SpaceX's Falcon 9
rocket has enjoyed a successful maiden test flight after the first launch attempted was aborted.
The rocket, which could one day carry astronauts, blasted-off from its launch pad at Cape Canaveral, Florida at 2:45pm today.
The Falcon 9 tank walls and domes are made from aluminum lithium alloy. It has nine Merlin engines clustered together. This vehicle will be capable of sustaining an engine failure at any point in flight and still successfully completing its mission.
This will result in a higher level of reliability than a single engine stage. The SpaceX nine engine architecture is an improved version of the architecture employed by the Saturn V and Saturn I rockets of the Apollo Program, which had flawless flight records despite losing engines on a number of missions.
The SpaceX has developed a hold-before-release system — a capability required by commercial airplanes, but not implemented on launch vehicles. After first stage engine start, the Falcon is held down and not released for flight until all propulsion and vehicle systems are confirmed to be operating normally. An automatic safe shut-down and unloading of propellant occurs if any off nominal conditions are detected.
The California-based firm
developed the vehicle with a large subsidy from NASA.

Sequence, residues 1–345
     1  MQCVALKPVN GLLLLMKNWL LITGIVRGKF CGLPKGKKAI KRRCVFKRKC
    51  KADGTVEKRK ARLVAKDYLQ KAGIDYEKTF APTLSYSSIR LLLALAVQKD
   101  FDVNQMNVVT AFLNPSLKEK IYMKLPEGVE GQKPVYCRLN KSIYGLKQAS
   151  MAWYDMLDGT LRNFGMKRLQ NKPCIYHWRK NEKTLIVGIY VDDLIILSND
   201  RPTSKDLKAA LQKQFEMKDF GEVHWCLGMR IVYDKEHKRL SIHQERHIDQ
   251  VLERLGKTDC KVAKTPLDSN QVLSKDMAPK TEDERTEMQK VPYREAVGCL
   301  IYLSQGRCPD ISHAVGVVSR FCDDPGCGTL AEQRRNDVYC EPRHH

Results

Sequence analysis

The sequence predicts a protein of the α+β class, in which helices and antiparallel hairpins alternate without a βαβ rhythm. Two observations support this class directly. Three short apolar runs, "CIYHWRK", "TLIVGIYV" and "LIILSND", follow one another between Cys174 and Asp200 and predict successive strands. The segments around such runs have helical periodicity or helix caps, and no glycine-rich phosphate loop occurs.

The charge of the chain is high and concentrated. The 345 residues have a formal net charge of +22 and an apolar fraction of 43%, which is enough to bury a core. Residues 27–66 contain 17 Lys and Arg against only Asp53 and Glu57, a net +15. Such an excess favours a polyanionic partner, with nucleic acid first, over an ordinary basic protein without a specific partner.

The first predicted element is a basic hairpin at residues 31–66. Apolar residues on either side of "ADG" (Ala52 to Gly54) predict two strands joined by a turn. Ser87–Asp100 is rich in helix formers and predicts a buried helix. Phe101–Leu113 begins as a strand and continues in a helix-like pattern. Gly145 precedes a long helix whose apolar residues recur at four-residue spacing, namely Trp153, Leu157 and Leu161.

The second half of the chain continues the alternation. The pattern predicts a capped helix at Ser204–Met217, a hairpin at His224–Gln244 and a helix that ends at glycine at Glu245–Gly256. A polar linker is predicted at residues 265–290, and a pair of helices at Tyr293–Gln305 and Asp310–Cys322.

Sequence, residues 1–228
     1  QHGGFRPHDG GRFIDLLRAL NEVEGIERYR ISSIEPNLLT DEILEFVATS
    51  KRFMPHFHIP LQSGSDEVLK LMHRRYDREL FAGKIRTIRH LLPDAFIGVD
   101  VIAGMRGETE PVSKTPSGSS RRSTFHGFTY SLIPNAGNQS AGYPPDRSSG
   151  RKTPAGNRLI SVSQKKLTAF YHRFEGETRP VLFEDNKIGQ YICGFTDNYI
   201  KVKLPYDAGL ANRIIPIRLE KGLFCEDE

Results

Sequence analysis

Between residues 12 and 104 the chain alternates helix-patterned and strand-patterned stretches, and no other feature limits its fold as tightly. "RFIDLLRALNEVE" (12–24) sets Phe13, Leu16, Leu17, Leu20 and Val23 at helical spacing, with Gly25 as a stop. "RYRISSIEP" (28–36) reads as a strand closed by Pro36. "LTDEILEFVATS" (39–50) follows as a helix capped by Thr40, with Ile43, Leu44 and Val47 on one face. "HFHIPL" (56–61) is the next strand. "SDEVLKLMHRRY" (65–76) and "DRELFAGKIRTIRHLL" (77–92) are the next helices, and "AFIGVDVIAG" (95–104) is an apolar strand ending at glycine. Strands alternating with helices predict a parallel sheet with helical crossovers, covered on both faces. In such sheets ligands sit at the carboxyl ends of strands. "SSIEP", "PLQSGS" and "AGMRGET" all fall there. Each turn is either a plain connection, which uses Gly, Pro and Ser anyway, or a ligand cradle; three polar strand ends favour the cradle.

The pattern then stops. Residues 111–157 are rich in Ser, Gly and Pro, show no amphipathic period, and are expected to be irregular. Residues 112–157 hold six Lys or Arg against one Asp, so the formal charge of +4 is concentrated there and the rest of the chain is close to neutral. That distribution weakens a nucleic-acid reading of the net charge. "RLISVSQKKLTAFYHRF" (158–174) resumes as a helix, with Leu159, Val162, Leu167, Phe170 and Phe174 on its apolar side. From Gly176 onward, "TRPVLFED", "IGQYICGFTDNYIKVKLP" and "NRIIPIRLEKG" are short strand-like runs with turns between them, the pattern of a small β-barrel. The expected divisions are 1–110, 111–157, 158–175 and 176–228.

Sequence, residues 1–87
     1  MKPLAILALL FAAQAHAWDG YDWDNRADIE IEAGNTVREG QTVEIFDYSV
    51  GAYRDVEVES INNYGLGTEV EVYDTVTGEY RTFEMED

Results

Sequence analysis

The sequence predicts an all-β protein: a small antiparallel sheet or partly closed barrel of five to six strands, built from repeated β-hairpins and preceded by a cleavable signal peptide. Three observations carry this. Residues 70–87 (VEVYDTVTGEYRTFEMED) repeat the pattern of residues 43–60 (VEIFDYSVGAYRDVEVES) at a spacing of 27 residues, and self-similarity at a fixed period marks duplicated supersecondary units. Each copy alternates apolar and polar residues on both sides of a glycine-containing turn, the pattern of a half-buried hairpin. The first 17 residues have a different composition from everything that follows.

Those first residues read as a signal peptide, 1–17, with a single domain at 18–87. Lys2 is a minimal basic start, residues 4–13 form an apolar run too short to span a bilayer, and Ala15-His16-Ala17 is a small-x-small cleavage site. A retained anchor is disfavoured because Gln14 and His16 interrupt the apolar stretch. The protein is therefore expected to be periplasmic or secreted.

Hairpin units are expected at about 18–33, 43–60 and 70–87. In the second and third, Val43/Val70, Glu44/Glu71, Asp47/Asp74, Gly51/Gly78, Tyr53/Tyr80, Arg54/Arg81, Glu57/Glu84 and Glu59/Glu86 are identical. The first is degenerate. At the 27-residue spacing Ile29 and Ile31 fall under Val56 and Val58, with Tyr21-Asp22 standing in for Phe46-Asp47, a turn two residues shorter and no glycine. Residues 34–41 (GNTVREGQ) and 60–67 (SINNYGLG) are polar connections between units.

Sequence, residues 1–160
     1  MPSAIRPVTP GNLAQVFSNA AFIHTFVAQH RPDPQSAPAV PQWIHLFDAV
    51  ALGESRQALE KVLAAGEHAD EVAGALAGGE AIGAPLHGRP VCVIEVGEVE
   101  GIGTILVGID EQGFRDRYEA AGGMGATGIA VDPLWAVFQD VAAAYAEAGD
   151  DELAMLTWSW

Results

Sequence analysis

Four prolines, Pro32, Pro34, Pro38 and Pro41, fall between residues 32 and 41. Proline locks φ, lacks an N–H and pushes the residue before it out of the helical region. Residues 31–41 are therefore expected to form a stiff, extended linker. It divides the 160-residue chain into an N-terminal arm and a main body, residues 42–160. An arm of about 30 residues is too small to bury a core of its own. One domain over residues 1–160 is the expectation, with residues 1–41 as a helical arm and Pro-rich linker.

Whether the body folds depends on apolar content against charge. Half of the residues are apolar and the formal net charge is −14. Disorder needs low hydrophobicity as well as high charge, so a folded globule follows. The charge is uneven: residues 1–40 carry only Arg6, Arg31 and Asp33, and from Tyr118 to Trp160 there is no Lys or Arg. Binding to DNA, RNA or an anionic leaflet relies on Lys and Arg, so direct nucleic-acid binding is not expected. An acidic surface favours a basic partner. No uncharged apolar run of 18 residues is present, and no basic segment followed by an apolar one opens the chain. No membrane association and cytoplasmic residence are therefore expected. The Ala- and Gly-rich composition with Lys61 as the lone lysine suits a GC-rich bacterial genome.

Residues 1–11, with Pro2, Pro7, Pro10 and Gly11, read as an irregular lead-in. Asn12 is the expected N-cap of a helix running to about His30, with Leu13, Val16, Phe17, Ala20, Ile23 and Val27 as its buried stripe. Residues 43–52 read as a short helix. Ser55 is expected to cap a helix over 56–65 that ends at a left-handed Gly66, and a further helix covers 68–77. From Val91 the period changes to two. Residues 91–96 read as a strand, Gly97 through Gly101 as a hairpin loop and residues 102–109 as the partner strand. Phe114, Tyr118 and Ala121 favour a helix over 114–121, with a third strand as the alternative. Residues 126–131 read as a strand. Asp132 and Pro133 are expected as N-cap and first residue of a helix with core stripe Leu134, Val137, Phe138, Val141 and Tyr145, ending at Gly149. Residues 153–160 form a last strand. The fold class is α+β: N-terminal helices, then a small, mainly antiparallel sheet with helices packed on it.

Friday's first launch attempt was aborted at the last second because an engine parameter fell out of limits.
According to the Spaceflight Now
website, a SpaceX
spokesperson said the rocket achieved orbit, but they were not sure of the altitude or inclination.
US President Barack Obama, who inspected the rocket on its pad in April, has said he wanted the business of taxiing astronauts to and from the International Space Station handed to the commercial sector.
Many experts believe the Falcon is in a prime position to win that business. Before the rocket can be allowed to launch humans, it has to first demonstrate performance and reliability in the role of lofting robotic spacecraft.
The Falcon 9 will offer the lowest cost per pound/kilogram to orbit, despite providing breakthrough improvements in reliability.
NASA Administrator Charles Bolden
released the following statement.
"Congratulations to Space X on today's launch of its Falcon 9 launch vehicle. Space X's accomplishment is an important milestone in the commercial transportation effort and puts the company a step closer to providing cargo services to the International Space Station.
"Preparations are proceeding for the first NASA-sponsored test launch under the Commercial Orbital Transportation Services project later this year.
COTS is a vital development and demonstration partnership to create a commercial space transportation system capable of providing cargo to the station. "This launch of the Falcon 9 gives us even more confidence that a resupply vehicle will be available after the space shuttle fleet is retired."
Spaceflight Now has dozens of missions scheduled
for 2010 as they develop their commercial space flight program.